Oil paint mixed with charcoal, impasto gels and glazes under soft pastels, and string or yarn woven into paintings are all seen in works from this expansive period.
Thornton also began to utilize alternative forms of installation wherein some paintings resembled tapestries of fluid streams undulating to the floor while others were hung like banners or scrolls on display rods.
She also began building her Colorado collector base by securing several large residential commissions that used her raw canvas, tapestry-like installation methods.
These commissioned paintings reached new heights – literally. The Belvedere residential commission for a famous sports figure contains over 40 feet of untreated raw canvas. Suffused with both calligraphic motion and structured form, the Belvedere artwork pulls in specific architectural features found in the surrounding foyer.
Other canvas residential commissions display Thornton’s nucleus style painting mixed with geometric multi-media materials.
Ever seeking to increase the intentionality of her works, Thornton wrote poetry and blessings for a Collector’s daughters in a commission for a luxury home, hiding the text within the cascading threads and black vinyl webbing of the work and applying multiple layers into the final two painted panels.
“Commissioning artwork is a highly personal venture. The more I can bring my Collector’s personal intentions into the final installation the better! Art becomes more than investment or decor on the wall … it is a symbol of coming together for higher artistic purpose.”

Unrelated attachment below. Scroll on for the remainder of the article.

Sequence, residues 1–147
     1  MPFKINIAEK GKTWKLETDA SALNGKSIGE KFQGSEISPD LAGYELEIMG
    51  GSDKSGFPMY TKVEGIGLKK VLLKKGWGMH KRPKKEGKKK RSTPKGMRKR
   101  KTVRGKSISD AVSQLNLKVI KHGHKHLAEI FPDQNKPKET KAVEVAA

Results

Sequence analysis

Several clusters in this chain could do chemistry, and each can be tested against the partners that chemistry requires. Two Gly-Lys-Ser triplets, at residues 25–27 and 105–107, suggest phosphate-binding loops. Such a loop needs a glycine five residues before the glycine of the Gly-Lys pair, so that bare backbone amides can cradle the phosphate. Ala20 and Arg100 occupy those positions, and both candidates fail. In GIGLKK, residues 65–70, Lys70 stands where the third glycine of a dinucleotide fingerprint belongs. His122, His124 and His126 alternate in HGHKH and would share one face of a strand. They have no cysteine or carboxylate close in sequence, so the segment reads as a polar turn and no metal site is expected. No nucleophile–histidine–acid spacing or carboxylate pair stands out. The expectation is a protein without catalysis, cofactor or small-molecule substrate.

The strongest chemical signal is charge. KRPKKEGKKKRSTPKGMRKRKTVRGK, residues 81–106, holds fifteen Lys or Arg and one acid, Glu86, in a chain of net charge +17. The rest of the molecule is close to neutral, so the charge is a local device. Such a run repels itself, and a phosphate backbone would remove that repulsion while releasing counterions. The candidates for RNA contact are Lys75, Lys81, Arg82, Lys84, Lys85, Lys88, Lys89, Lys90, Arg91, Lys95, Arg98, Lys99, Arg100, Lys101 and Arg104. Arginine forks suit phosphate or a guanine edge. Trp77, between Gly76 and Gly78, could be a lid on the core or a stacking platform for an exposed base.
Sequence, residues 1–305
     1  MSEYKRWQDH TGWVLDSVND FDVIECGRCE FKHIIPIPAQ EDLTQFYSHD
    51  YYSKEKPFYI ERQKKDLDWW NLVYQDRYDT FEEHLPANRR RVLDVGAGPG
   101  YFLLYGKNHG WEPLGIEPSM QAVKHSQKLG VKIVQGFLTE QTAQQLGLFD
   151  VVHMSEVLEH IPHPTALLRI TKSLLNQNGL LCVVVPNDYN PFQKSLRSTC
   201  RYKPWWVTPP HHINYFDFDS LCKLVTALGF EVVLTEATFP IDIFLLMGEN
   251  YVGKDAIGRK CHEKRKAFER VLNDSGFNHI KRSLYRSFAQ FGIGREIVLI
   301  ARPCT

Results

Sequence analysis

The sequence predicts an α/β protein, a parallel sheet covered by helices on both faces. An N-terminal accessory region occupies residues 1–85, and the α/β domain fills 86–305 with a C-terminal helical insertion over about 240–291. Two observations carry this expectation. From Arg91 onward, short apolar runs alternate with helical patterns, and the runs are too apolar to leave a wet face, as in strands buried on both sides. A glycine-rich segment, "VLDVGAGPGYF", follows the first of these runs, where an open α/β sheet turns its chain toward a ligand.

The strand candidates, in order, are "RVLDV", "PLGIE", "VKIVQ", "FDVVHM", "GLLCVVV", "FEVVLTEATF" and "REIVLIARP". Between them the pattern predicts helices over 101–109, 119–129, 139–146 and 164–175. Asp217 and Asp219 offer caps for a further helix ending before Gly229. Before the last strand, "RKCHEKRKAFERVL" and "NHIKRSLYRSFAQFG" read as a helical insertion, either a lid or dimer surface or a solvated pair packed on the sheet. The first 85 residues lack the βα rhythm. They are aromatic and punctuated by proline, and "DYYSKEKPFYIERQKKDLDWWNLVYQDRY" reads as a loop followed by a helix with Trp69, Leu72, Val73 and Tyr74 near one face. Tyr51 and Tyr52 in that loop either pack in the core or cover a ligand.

A New Century: Full-field Style Development
Inspired by her parents’ love of Southwest Native American weaving and pottery design, which often contain a “spirit-line” escaping to the edge to release the spirit of the piece, Thornton began pushing her artistic borders.
New paintings filled with color and movement poured onto the very edges of each canvas, allowing the “spirit” of each painting to take flight. Imbued with the sensation of a visual dance that extends beyond the confines of the surface, these works allowed Thornton to dive deep into multiple layers of visual stories.
Stratus clouds of densely defined shapes intertwine with calligraphic drippings and sweeping brush strokes. Creating visual meadows of passionate movement, these Full-field style paintings from the early 2000s would include canvases filled with both vibrant colors and thick textures.
“Extending my work onto larger formats, an inner expansion urged me to explore paintings fully saturated with shapes, textures and strokes. Visual stories pushing beyond their borders. Rich layers inviting individual interpretation without visual scripts, the dance of these paintings can carry you off the page if you let them.”